Christin Ayers is a general assignment reporter for KPIX 5 and profiles low-income, at-risk Bay Area teenagers, continuing the series started by Wendy Tokuda, “Students Rising Above.”
Christin is also host of the public affairs program “Black Renaissance.”
She is a fifth-generation Californian. Christin earned her Bachelor’s degree from Sarah Lawrence College in New York and her Masters from the UC Berkeley Graduate School of Journalism.
She studied literature and media at Oxford University in England. Christin started her journalism career in Missoula, Montana and later worked in Denver before coming back to the Bay Area.
Christin’s notable stories include coverage of Bay Area families affected by sex trafficking, broken surveillance cameras in local parks and the Oakland Police Department’s de-escalation policies. Her most memorable interview was with Barack Obama.
Christin loves reading, wine-tasting, traveling, and trying new restaurants. She and her husband live in the East Bay.
The success of Marvel’s Black Panther film will have a lasting effect in Oakland.
A Bay Area woman is demanding answers after she claims her dog was seriously injured while staying at an East Bay kennel, and no one will tell her what really happened.
Oakland city leaders have come up with a constructive, temporary fix for the homeless crisis in that city. They are putting up experimental shelters in the form of storage sheds.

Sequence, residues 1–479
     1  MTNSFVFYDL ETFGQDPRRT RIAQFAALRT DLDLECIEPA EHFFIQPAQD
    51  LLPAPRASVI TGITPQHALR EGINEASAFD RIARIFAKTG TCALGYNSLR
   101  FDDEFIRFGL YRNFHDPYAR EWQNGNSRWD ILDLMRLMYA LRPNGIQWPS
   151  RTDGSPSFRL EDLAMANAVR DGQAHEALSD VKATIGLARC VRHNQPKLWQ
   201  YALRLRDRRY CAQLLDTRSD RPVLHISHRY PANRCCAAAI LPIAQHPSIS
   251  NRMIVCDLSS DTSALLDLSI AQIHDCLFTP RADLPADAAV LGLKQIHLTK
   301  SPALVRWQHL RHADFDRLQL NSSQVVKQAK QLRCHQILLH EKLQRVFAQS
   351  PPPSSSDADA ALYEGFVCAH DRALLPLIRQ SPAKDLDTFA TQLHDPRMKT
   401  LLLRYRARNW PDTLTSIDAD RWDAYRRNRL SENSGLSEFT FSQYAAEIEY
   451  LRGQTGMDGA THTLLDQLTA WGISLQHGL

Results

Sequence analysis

The owner of an Oakland restaurant is on the lam after a judge ordered him to pay $2.5 million to an alleged victim.
Oakland’s police chief is accused of not telling the truth about a recent immigration raid.
A man claims he was sexually assaulted at a San Francisco health club, which then tried to cover it up by canceling his membership after he called police.
If you commute on BART, you’ve likely seen them – baby strapped to their chests, approaching riders with a cardboard sign, such as: “No job, 4 kids, please help for food.”
In the Sierra National Forest, there are more dead trees than live ones. And figuring out what do with them is a towering task.
‘Free Speech Week’ at UC Berkeley is just days away and it’s still unclear who all will be speaking on campus.
A new documentary centers in on Oakland’s troubled police department.